Scotiabank Giller Prize Spotlight: André Alexis

September 8, 2019

André Alexis was born in Trinidad and grew up in Canada. His most recent novel, Fifteen Dogs, won the 2015 Scotiabank Giller Prize and the Rogers Writers’ Trust Fiction Prize. His debut novel, Childhood, won the Books in Canada First Novel Award, the Trillium Book Award, and was shortlisted for the Giller Prize and the Writers’ Trust Fiction Prize. His other books include Pastoral (nominated for the Rogers Writers’ Trust Fiction Prize), Asylum, Beauty and Sadness, Ingrid & the Wolf, Despair and Other Stories of Ottawa and Lambton, Kent and Other Vistas: A Play.

What/who inspires you to write?

There are a number of things and people who have inspired me, but I think books have inspired me more than anything else. I sometimes think I write in response to other books even more than I feel the need to express my own impressions and feelings. So, I’ve been inspired by novels (Rachel Cusk’s Transit, Proust’s In Search of Lost Time…) and short stories (Paul Bowles’ A Distant Episode, Samuel Beckett’s First Love…) and poems (Donne’s Holy Sonnets, Dante’s Commedia, Robert Lowell’s Skunk Hour…)

Where is your favourite place to write?

A hotel room somewhere in New York or a cafe in a city I don’t know well.

Is there an activity you do to help inspire your writing?

No, not really. Nothing specific. Reading, I guess, or watching movies, or listening to music. I listen to loud music when I write, so when the writing isn’t going well, something by Matana Roberts (Song for Eulalie, say, but almost anything from the various iterations of Coin Coin) might get me going.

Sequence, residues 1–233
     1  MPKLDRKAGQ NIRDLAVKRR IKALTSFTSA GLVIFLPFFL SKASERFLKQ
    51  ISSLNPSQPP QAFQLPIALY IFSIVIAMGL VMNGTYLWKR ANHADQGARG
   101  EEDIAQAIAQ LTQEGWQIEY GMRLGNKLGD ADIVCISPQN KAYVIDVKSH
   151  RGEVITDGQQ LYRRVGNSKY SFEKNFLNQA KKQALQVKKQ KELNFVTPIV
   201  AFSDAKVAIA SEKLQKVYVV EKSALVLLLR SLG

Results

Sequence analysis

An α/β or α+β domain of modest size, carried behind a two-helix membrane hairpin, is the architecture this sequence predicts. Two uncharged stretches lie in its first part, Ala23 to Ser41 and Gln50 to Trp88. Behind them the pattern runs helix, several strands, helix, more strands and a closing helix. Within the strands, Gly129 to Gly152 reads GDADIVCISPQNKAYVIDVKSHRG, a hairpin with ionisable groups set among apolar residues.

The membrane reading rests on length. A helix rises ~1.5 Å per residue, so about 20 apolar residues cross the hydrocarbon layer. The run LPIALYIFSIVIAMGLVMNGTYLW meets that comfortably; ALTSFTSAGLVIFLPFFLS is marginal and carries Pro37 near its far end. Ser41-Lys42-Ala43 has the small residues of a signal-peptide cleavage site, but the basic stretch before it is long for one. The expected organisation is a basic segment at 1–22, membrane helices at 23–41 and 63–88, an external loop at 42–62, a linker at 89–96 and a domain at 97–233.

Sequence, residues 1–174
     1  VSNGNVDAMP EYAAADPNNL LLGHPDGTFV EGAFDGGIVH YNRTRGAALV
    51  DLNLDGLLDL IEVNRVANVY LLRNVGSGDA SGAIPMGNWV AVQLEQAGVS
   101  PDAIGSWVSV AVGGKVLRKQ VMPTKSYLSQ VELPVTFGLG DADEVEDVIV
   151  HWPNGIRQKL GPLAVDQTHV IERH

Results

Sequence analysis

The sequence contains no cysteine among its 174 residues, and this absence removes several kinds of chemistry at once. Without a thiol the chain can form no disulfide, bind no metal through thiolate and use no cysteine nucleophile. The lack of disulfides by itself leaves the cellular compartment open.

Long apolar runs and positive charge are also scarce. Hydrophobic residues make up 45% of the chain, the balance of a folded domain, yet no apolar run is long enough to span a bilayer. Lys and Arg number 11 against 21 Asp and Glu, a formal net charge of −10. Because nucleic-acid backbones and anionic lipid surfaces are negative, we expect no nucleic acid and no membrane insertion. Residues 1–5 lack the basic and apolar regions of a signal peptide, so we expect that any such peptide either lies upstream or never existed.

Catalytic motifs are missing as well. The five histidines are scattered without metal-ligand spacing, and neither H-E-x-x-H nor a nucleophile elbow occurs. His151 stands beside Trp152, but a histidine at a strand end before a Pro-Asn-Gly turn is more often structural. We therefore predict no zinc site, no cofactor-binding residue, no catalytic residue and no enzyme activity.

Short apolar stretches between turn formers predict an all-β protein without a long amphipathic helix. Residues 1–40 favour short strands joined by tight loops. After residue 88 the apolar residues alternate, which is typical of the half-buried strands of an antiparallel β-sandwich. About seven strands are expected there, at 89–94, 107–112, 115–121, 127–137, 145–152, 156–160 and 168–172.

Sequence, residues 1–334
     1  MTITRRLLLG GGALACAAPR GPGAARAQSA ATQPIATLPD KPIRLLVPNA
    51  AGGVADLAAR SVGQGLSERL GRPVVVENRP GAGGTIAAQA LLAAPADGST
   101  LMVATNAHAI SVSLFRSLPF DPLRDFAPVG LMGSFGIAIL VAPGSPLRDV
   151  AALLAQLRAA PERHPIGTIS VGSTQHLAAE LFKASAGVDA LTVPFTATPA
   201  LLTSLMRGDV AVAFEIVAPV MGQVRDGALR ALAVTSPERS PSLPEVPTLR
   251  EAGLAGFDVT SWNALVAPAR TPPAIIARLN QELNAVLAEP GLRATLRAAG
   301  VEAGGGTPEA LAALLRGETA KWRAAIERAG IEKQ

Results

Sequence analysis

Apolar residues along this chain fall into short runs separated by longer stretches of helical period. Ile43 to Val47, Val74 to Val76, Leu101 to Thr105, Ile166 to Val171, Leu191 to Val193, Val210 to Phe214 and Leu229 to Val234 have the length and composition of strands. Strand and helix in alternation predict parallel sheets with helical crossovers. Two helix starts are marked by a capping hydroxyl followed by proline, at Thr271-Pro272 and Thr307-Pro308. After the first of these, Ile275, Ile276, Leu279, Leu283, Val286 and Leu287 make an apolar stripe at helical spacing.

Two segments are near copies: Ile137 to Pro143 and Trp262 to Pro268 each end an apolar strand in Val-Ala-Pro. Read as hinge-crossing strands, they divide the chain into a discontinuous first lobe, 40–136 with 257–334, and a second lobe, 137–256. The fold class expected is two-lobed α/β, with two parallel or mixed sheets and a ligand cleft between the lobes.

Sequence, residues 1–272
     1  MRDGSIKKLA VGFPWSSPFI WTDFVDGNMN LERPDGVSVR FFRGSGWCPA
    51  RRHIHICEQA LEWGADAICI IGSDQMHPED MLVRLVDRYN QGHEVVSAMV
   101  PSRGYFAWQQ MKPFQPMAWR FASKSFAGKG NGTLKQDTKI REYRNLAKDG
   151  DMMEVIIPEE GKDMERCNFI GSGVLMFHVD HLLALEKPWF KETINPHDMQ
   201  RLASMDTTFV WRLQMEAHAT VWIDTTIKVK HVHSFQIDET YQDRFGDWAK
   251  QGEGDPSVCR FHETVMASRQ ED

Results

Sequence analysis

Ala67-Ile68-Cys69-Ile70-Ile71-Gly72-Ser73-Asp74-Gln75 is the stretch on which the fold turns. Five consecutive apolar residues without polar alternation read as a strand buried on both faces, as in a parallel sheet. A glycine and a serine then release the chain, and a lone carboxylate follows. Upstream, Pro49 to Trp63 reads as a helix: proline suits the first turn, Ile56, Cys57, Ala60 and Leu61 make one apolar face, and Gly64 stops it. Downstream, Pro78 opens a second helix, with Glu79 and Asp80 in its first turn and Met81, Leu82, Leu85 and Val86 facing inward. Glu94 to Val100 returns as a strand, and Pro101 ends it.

Do you have a tradition for every time you finish a book?

No. I wish I did, but I tend to feel slightly depressed – as well as euphoric – when a book is finished, so I never know what to do with myself.

What are you reading now?

I’m reading the books I’m teaching this year. So, Cusk’s Transit, Luiselli’s The Story of my Teeth, Yerofyev’s Moscow to the End of the Line, and a Harlequin romance by Sarah Morgan called Playing by the Greek’s Rules.

What is your favorite CanLit book?

Hard choice. As always, there isn’t only one. I love The Stone Angel, though I haven’t read it for a while. I still love Eunoia and Short Journey Upriver to Oishida and Running in the Family and…

What inspired you to write your Scotiabank Giller Prize nominated book?

The books I was reading – most of them listed at the back of the novel – and distant memories (and fears) of my encounters with the Canadian landscape, Canadian small towns, Canadian legends. (It’s a conspicuously Canadian book, in the end).

What do you hope readers take away from your book?

The same that the owner of a funhouse ride might want for his clients: amusement and a sense that our country is more unpredictable than its beautiful surfaces, even.

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